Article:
This project aims to contribute to the protection of children, young people and women against Intimate Partner Violence (IPV) and to the development of community policies related to public health and more specifically to gender equality. The GEAR project aims to develop, adapt and evaluate an education and awareness raising programme regarding primary prevention of IPV targeting high-school students and teachers. The GEAR project will be based on the training material developed under the Daphne project No. 2004-1/101/WY, which will be adapted and supplemented in order to transfer and implement it in high-school settings for raising awareness among teachers on gender stereotyping and IPV issues and educating students on the harmful effects of stereotyping. As high school teachers are working with adolescents within the school setting, a training package will be developed for training the teachers on gender stereotypes, the scope, nature and impact of IPV and the links between IPV and gender stereotypes with a view to increasing their understanding and capacity to implement interventions preventing students from becoming either victims of violence or perpetrators, and encourage attitudes of zero tolerance towards violence at a relatively early age.
The specific problem to be addressed is the harmful effects of patriarchal societies, gender stereotypes, and unequal power relationships between the sexes which are widely known to be the root causal factors of IPV. In order to efficiently eliminate IPV, both of these conditions need to be addressed and dismantled. As children are fed stereotypes from birth, it is important to begin deconstructing these stereotypes at as early an age as possible. Furthermore, high school students are at a stage where they begin or have begun their first intimate relationships. The school system can be a key intervention point in providing students with necessary information and skills to avoid violence or react against it. Teachers can play a key role for the implementation of such awareness-raising activities in the classrooms, but only if they have the necessary capacity and skills, as it is expected that many of them will share the same inherent stereotypical view of genders with the general population. If this is not adequately addressed, this will be a major barrier that will intervene in the Program’s implementation. In order to overcome this barrier, the anticipated Train-the-Teachers Seminar will place great emphasis on dissolving teachers’ gender stereotypes as well as to genuinely convince them of the importance of the project’s implementation. As a great number of children and adolescents attend school, it is imperative that gender equality programs are offered in schools and that teachers are properly sensitized and trained on gender stereotypes and how they relate to violence.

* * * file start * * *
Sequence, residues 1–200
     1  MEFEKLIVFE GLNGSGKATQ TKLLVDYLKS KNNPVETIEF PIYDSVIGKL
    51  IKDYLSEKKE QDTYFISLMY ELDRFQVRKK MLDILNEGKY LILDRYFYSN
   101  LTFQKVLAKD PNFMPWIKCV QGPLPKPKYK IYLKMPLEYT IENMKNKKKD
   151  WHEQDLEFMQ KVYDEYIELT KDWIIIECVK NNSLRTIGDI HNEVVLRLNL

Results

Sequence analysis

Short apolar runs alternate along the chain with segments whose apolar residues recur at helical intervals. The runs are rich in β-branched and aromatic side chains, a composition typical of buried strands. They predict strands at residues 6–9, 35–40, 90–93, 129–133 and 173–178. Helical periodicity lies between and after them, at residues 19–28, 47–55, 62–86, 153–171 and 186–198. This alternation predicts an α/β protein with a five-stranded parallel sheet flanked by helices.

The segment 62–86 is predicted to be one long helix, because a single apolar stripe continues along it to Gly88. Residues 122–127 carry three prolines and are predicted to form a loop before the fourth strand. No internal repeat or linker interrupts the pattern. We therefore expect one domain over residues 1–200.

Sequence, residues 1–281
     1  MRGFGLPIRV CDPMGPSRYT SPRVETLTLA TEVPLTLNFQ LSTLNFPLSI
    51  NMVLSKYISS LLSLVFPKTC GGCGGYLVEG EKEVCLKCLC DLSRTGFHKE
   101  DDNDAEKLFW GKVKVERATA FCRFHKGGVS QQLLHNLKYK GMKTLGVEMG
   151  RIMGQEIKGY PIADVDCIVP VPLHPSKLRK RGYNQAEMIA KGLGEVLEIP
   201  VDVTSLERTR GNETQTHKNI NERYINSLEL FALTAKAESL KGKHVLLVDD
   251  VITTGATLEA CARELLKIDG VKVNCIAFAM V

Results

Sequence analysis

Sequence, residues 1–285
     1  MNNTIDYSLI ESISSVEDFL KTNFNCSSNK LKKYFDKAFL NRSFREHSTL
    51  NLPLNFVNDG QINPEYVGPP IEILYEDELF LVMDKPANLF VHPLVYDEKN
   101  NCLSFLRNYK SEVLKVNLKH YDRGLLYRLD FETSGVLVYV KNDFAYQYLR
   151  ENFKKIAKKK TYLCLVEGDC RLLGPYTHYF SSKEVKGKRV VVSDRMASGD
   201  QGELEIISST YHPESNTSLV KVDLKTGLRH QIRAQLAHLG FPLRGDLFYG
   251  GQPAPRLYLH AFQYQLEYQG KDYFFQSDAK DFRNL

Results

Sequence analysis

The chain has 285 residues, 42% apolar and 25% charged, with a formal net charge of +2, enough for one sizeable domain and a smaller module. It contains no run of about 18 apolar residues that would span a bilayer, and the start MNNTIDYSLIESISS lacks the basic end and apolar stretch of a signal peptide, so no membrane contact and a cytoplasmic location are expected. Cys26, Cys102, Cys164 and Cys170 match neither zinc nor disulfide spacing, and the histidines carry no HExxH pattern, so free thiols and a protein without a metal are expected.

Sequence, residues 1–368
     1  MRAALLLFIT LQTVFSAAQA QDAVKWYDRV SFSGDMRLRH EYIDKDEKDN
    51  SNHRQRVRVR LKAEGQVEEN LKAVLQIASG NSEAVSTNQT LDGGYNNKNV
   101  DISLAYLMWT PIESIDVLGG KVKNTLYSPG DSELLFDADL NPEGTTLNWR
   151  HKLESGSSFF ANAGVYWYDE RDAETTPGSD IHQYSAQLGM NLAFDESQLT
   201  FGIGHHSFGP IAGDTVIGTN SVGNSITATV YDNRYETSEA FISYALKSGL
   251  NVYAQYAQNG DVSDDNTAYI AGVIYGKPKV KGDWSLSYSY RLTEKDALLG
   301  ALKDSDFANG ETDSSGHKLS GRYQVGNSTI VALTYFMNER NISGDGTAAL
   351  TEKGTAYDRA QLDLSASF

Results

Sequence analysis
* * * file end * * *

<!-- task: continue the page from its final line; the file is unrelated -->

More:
For these reasons, the target groups include both teachers and high school students in at least 3 countries (DE-AU-GR).